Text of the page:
Already, there are fears that there could be a major boycott of top continental competitions by countries that may be likely pitted against countries which has suffered from the outbreak of the virus.
On Wednesday, the third edition of the Chika Chukwumerije Sports Foundation taekwondo championship, scheduled for Abuja, was postponed till further notice “due to the current spread of the Ebola virus in the West African region.”
A statement by the organisers of the CCSF, made available to our correspondent via SMS, read, “Eleven countries confirmed to participate in the championships, nine of them from West Africa; and over 1, 500 persons expected at the two-day event, but the health and safety of the people is important.”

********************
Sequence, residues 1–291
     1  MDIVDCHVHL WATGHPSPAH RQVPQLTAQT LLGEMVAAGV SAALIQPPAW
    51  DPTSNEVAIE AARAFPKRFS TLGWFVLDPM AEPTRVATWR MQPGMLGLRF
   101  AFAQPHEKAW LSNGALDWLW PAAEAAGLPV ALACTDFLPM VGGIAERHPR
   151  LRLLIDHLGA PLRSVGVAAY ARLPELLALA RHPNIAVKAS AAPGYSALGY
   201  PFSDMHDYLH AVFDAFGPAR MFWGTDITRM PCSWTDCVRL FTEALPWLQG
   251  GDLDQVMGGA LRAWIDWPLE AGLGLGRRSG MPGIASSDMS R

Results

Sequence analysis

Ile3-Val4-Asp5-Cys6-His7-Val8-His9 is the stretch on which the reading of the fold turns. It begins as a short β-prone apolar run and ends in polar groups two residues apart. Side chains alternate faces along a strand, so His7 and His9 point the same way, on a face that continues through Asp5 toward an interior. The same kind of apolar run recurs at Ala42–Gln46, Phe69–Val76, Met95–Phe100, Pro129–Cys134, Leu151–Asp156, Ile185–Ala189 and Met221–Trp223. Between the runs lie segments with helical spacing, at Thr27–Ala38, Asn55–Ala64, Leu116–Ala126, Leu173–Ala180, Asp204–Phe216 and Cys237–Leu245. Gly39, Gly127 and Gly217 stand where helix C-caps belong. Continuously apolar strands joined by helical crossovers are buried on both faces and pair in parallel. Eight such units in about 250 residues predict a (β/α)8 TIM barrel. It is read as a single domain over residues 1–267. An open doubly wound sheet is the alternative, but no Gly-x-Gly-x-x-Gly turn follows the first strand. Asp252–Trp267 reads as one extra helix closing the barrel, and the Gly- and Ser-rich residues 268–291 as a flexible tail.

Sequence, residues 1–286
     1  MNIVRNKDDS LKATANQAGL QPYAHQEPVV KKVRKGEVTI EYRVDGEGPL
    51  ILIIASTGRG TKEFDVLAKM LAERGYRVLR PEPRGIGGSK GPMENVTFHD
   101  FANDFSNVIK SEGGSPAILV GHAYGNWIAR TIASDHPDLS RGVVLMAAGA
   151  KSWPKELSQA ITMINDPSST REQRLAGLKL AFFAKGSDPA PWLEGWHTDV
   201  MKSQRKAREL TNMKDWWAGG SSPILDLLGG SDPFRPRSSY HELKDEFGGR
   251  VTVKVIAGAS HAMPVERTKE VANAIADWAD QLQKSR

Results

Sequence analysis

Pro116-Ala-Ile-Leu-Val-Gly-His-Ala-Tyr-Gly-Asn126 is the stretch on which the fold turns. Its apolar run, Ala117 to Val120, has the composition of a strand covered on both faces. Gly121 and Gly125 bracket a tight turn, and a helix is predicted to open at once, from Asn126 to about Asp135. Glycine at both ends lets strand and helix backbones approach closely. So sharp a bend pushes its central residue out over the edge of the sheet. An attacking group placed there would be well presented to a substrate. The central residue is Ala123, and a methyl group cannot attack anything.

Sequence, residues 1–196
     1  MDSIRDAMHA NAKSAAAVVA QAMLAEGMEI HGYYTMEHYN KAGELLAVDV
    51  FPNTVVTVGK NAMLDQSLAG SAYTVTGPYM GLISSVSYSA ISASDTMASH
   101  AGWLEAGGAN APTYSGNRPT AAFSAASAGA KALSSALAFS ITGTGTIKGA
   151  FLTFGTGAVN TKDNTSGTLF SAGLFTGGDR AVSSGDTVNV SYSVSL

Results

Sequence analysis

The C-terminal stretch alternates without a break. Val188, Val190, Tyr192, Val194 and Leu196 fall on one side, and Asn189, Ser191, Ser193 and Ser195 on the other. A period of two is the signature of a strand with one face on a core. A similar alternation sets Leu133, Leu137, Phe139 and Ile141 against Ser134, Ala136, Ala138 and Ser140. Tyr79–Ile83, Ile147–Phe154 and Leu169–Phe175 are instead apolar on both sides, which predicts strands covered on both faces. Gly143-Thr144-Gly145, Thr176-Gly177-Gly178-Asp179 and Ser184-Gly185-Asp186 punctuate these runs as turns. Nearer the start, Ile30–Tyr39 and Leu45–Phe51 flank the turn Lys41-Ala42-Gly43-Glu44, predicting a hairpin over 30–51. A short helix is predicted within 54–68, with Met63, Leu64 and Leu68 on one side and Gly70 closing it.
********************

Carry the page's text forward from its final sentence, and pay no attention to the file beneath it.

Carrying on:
The Sierra Leone national team, the Leone Stars, were last weekend denied entry to Seychelles by the Island’s immigration officials ahead of a 2015 Africa Cup of Nations qualifier scheduled for Victoria, the capital city, due to the virus. Sierra Leone has the most confirmed cases of the virus: 574 including 252 deaths since the virus spread from neighbouring Guinea in May.
Seychelles consequently withdrew from the AFCON qualifiers over fears that their players and even officials could contact the disease during the continental match, while Sierra Leone moved on to the Group stage.
However, Sierra Leone’s participation in the qualifiers may have hit the rocks, after the country suspended all football activities with immediate effect in a bid to curtail the spread of the virus.
They play Ivory Coast away before hosting DR Congo in Group D next month and officials of the Sierra Leone Football Association are hopeful of playing on a neutral ground if the country does not lift the ban before their next games.